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The Society for Research into Higher Education

Ian Kinchin


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Student evaluation of teaching: are we reaching for the wrong type of excellence?

By Ian Kinchin

Over twenty years ago Carr (1994: 49) wrote:

 ‘It is a shallow and false view of education and teaching which takes it to be a matter of the technical transmission of pre-packaged knowledge and skills in the context of efficient management’

However, it seems that this false view is still able obscure a more contemporary and research-informed views of teaching. The on-going drive for ‘teaching excellence’ still seems to focus on actions of the teacher that promote Carr’s ‘shallow view’. That is not to say that the student voice is not important, but we need to ensure that students are asked the right questions so that we do not promote student passivity as learners and do not subvert the student voice for purely political ends.

Fitzgerald et al (2002) wrote Continue reading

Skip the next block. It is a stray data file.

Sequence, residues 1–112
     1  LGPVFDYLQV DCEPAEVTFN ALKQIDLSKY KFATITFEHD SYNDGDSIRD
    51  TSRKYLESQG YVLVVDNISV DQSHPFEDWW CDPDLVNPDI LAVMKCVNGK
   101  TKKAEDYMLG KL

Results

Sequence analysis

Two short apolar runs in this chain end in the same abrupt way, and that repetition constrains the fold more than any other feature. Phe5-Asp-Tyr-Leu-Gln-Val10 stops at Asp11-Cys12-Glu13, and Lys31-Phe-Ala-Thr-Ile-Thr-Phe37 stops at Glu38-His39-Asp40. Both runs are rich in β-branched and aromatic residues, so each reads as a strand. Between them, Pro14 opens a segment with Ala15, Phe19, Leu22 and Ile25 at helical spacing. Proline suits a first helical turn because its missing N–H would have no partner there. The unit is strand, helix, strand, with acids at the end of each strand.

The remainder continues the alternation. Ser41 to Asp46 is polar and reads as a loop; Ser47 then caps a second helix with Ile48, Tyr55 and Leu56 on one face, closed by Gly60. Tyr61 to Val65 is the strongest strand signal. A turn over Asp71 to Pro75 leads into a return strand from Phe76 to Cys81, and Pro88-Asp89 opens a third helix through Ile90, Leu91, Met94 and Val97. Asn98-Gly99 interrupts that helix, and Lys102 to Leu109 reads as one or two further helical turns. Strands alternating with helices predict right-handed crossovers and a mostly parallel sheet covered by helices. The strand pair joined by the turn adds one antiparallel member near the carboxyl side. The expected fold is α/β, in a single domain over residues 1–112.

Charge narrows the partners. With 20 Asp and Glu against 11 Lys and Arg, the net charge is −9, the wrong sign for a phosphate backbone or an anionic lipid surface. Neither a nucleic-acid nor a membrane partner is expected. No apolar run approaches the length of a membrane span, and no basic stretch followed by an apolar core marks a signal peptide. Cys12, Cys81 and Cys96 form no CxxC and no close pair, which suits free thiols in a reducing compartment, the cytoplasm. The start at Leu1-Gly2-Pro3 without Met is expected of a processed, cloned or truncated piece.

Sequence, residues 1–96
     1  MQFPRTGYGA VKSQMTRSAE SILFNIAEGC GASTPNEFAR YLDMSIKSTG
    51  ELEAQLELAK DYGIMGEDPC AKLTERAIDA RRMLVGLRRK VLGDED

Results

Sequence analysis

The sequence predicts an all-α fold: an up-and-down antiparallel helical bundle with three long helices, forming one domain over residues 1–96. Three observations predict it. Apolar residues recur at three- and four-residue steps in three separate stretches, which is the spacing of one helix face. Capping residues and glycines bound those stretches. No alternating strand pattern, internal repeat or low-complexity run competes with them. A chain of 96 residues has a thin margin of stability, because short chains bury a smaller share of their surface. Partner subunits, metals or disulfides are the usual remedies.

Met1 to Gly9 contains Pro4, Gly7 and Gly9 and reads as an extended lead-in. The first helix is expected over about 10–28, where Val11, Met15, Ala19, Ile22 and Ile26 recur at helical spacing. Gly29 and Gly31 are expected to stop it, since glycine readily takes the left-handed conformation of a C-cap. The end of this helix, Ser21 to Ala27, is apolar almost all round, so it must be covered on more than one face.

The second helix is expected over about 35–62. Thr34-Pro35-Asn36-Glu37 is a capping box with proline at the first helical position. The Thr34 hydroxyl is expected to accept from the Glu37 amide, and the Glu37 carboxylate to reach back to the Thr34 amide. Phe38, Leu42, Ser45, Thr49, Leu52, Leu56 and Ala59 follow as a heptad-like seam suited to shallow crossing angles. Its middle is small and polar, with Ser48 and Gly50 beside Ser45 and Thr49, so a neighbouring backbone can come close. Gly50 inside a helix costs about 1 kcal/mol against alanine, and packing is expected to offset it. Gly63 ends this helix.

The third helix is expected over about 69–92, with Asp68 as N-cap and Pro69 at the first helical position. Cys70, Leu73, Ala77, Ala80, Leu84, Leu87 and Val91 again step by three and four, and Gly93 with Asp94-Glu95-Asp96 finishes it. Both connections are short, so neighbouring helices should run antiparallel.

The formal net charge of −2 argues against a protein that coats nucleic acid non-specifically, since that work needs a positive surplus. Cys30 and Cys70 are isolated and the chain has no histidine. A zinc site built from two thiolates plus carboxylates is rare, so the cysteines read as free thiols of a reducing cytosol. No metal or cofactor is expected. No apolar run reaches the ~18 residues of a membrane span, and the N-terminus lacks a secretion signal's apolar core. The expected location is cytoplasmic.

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The contradictions of a conservative: David Willetts in and out of office

By Rob Cuthbert

Lord Willetts gave the annual Chancellor’s Lecture at the University of Gloucestershire on 13 October 2016, a university where the Chancellor, Dame Rennie Fritchie, was previously a Civil Service Commissioner, and the VC Stephen Marston was previously a senior civil servant who worked on HE policy with Minister Willetts. But this was not a cosy chat among friends, it was a considered assessment of the state of the university in a global context. It was fluent, it was selectively erudite, and it was possible to believe that Lord Willetts, though not at all boastful, thought he had been a winner as Minister for Universities and Science in the coalition government. Certainly he was aiming to write history, as winners do, even though his subject was the future.

His history began with some of the ‘perverse effects’ of English HE, which he said had for 50 years been beset with a nationwide competition between universities, a situation he blamed partly on the creation of a national university admission system (UCCA, in the 1960s). In the rest of the world it was normal to go to your local university. The English competition led to a university ‘arms race’, which he deplored. It was hard to remember that this was the Minister who argued so strongly for competition between universities as the essential vehicle to drive up the quality of teaching.

The decline in HE’s unit of resource from the 1980s through to the 2000s had, he said, only been reversed when, during his tenure as Minister, undergraduate fees had risen to £9000pa. The new funding regime had then enabled the Coalition government Continue reading